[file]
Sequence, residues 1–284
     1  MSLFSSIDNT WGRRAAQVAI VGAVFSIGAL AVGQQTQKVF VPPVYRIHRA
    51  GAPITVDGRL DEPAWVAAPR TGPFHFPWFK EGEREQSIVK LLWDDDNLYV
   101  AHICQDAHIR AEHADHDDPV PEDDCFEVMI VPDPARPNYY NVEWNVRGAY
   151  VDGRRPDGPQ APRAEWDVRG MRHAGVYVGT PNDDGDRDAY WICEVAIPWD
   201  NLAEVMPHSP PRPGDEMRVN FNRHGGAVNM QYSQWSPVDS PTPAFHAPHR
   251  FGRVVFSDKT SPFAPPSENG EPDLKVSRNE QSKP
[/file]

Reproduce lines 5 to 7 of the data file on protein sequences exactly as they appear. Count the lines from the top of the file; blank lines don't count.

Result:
   151  VDGRRPDGPQ APRAEWDVRG MRHAGVYVGT PNDDGDRDAY WICEVAIPWD
   201  NLAEVMPHSP PRPGDEMRVN FNRHGGAVNM QYSQWSPVDS PTPAFHAPHR
   251  FGRVVFSDKT SPFAPPSENG EPDLKVSRNE QSKP